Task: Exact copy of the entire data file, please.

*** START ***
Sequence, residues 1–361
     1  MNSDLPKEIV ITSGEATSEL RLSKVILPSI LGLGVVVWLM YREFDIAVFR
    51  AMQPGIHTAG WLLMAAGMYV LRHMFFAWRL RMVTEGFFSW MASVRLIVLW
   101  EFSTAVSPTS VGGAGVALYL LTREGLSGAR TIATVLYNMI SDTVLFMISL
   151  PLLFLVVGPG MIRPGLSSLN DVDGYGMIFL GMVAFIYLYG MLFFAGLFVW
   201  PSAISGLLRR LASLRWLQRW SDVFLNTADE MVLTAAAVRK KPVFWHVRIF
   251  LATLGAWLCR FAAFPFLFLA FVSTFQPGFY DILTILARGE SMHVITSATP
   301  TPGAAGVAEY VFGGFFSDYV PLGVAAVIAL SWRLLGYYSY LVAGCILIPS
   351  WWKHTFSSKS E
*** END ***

Sequence, residues 1–361
     1  MNSDLPKEIV ITSGEATSEL RLSKVILPSI LGLGVVVWLM YREFDIAVFR
    51  AMQPGIHTAG WLLMAAGMYV LRHMFFAWRL RMVTEGFFSW MASVRLIVLW
   101  EFSTAVSPTS VGGAGVALYL LTREGLSGAR TIATVLYNMI SDTVLFMISL
   151  PLLFLVVGPG MIRPGLSSLN DVDGYGMIFL GMVAFIYLYG MLFFAGLFVW
   201  PSAISGLLRR LASLRWLQRW SDVFLNTADE MVLTAAAVRK KPVFWHVRIF
   251  LATLGAWLCR FAAFPFLFLA FVSTFQPGFY DILTILARGE SMHVITSATP
   301  TPGAAGVAEY VFGGFFSDYV PLGVAAVIAL SWRLLGYYSY LVAGCILIPS
   351  WWKHTFSSKS E